CHRISTINE ROMANS, CNN CHIEF BUSINESS CORRESPONDENT: Brooke, Senator Bernie Sanders wants to fix the student loan crisis by forgiving the debt, no strings attached for 45 million student debtors, wiping out $1.6 trillion in debt. He would pay for it with a tax or a fee on stock bond and derivatives trading.

[14:04:56] ROMANS: Now, he moves to the left of Senator Elizabeth Warren. He has no eligibility requirements. Now, Warren would pay for her plan to relieve the debt of about 95 percent of debtors with a tax on the ultra-rich.

It's a populist play to young voters who have more student loan debt than mortgage debt; new for this generation. The typical graduate of a four-year public college has $26,900.00 in debt. Private college, it's higher -- $32,600.00.

Also on the policy radar, candidate Beto O'Rourke proposes a war tax. Here's how that works, households without a member of the military would pay to help cover the cost of healthcare for veterans. O'Rourke says it serves as a reminder of their incredible sacrifice. It's part of a suite of proposals to improve care for veterans including a focus on female and LGBT veterans. O'Rourke also proposing that military service be a pathway, Brooke, to citizenship for immigrants.

BALDWIN: Christine, thank you. And for 2020 hopeful, Pete Buttigieg -- his quest to move to a new job has been overshadowed by his current one as Mayor of South Bend, Indiana and the recent killing of a black man by one of the city's white police officers.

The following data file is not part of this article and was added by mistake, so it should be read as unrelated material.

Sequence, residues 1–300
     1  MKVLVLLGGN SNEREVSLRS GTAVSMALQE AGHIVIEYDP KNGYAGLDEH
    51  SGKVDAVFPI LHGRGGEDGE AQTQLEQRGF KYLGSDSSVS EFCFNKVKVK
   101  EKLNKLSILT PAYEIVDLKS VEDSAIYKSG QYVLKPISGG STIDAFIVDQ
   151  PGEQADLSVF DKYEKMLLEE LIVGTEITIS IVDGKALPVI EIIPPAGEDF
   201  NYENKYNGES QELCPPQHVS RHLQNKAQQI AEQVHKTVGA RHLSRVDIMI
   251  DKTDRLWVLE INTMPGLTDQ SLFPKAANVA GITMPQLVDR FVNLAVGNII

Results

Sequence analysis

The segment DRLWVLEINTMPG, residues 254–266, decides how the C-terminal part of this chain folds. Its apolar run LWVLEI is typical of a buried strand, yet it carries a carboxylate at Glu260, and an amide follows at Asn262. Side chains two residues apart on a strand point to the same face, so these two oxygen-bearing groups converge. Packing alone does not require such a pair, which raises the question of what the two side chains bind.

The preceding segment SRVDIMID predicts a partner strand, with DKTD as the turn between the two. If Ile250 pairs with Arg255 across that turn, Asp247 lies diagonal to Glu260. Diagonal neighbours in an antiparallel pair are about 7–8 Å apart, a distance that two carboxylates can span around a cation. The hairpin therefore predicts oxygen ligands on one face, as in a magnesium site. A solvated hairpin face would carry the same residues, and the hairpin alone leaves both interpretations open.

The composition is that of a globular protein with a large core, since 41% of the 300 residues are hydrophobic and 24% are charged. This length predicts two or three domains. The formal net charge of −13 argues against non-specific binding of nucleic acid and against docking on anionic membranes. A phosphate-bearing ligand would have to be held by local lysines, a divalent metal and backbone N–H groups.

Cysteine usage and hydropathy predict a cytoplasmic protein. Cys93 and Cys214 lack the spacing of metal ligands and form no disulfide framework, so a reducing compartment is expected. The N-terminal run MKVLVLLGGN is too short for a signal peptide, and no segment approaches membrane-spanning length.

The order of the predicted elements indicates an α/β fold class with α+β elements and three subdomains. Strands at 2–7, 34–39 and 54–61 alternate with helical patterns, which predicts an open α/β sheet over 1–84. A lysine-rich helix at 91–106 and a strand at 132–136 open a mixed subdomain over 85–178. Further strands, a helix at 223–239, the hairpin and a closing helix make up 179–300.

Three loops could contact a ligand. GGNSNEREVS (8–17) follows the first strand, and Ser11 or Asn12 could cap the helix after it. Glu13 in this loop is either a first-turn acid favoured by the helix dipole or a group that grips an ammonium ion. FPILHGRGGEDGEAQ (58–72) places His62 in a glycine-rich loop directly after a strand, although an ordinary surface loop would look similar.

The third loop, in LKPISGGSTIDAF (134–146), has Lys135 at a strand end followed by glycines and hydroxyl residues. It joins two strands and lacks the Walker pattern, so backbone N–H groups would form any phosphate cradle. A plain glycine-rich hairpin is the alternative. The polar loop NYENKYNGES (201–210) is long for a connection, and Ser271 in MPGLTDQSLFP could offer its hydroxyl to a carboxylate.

The police claimed that Eric Logan was breaking into cars and holding a knife when shot. That incident is just the latest in a series that have sparked tensions and mistrust between the Department and the African-American community in South Bend. And it was against that backdrop that Mayor Buttigieg held this Town Hall Sunday afternoon.


UNIDENTIFIED FEMALE: Get the racists off the streets. It's disrespectful that I wake up every day scared. It's disrespectful that I have three boys that I have to teach today what to.

UNIDENTIFIED FEMALE: Millions of tax dollars went to those police cameras right. Well, they failed and we don't get our refund. I am raising a seven-year-old grandson that when he sees the police he is afraid. That is not what's supposed to happen in America and Indiana in 2019.

UNIDENTIFIED FEMALE: The people who are in the audience when you have these public forums are the same black people but they're not invited to the table. And I think that it's time for you to rethink who you think the leaders are in this black community.


BALDWIN: Afterwards, the Mayor spoke out about why he felt the Town Hall was necessary.